[Numpy-discussion] Fix to #789 maybe not right.

Travis E. Oliphant oliphant@enthought....
Wed May 21 23:55:45 CDT 2008


Charles R Harris wrote:
>
>
> On Wed, May 21, 2008 at 9:32 PM, Travis E. Oliphant 
> <oliphant@enthought.com <mailto:oliphant@enthought.com>> wrote:
>
>     Charles R Harris wrote:
>     > Really, all the increments and decrements should be inside
>     > PyArray_FromArray, but calls to this function are scattered all
>     over.
>     I don't understand what you mean by this statement.    All functions
>     that return an object and take a PyArray_Descr object steal a
>     reference
>     to the descriptor (even if it fails).   That's the rule.
>
>
> Why should it not increment the reference itself? Note that calls to 
> this function are normally preceded by incrementing the reference,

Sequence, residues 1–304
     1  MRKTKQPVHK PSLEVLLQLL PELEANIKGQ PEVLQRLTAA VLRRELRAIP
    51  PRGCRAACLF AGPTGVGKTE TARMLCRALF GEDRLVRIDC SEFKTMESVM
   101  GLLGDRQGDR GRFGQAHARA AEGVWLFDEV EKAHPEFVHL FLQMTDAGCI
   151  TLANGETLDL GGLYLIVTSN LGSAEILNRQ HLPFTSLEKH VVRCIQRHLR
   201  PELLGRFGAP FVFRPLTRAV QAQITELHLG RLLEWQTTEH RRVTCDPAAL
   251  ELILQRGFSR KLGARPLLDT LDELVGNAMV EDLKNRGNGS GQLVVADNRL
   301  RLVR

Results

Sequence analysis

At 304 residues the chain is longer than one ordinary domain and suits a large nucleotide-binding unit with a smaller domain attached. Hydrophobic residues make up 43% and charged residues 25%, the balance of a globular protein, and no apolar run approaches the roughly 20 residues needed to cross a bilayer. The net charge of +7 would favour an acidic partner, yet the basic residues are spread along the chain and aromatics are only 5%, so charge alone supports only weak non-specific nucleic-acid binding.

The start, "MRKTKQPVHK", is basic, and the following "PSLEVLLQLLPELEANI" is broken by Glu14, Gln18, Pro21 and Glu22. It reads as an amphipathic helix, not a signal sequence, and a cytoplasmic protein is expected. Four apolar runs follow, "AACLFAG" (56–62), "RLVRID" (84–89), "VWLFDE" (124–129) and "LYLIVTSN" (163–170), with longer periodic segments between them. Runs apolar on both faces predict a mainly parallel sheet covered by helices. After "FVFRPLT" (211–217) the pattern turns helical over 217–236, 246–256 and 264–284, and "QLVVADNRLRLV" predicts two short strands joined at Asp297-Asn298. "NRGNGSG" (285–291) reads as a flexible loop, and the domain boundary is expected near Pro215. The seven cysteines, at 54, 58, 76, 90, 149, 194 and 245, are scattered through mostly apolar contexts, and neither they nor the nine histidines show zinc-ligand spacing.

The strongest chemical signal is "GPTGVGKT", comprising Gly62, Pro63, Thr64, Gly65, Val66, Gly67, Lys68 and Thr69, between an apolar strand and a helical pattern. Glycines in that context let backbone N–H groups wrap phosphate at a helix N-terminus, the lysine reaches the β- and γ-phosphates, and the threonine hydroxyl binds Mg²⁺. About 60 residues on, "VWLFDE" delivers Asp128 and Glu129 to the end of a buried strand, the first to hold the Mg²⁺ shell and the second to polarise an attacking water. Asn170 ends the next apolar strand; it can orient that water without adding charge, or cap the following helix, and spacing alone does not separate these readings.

> probably because one wants to keep it around.
I wouldn't say normally.   I would say sometimes.   

Normally you create a reference to the data-type and want 
PyArray_FromAny and friends to steal it (i.e. PyArray_DescrFromType). 

I wouldn't call stealing a reference count a side effect, but even if 
you want to call it that, it can't really change without a *huge* 
re-working effort for almost zero gain.   You would also have to re-work 
all the macros that take type numbers and construct data-type objects 
for passing to these functions.   I don't see the benefit at all.
> I think it would be clearer to have the rule: you increment it, you 
> decrement it.
Maybe, but Python's own C-API doesn't always follow that rule, there are 
functions that steal references.   Remember, PyArray_Descr was 
retrofitted as a Python Object.  It didn't use to be one.   This steal 
rule was the cleanest I could come up with --- i.e. it wasn't an idle 
decision.

It actually makes some sense because the returned array is going to 
"own" the reference count to the data-type object (just like setting to 
a list).

-Travis



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